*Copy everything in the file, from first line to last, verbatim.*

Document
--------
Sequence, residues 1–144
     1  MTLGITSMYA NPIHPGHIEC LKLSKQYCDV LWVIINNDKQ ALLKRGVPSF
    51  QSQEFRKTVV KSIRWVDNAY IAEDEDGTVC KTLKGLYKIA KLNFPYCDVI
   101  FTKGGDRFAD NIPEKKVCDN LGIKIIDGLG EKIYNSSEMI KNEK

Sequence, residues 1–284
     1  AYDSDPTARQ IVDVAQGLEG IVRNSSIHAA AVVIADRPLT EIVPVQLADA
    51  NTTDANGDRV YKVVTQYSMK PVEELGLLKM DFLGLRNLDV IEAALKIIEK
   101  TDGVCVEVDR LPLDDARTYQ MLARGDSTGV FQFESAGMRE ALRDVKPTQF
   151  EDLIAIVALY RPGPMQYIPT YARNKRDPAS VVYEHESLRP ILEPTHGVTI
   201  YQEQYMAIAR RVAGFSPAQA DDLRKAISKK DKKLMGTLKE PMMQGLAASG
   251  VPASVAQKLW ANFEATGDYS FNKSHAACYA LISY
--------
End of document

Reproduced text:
Sequence, residues 1–144
     1  MTLGITSMYA NPIHPGHIEC LKLSKQYCDV LWVIINNDKQ ALLKRGVPSF
    51  QSQEFRKTVV KSIRWVDNAY IAEDEDGTVC KTLKGLYKIA KLNFPYCDVI
   101  FTKGGDRFAD NIPEKKVCDN LGIKIIDGLG EKIYNSSEMI KNEK

Sequence, residues 1–284
     1  AYDSDPTARQ IVDVAQGLEG IVRNSSIHAA AVVIADRPLT EIVPVQLADA
    51  NTTDANGDRV YKVVTQYSMK PVEELGLLKM DFLGLRNLDV IEAALKIIEK
   101  TDGVCVEVDR LPLDDARTYQ MLARGDSTGV FQFESAGMRE ALRDVKPTQF
   151  EDLIAIVALY RPGPMQYIPT YARNKRDPAS VVYEHESLRP ILEPTHGVTI
   201  YQEQYMAIAR RVAGFSPAQA DDLRKAISKK DKKLMGTLKE PMMQGLAASG
   251  VPASVAQKLW ANFEATGDYS FNKSHAACYA LISY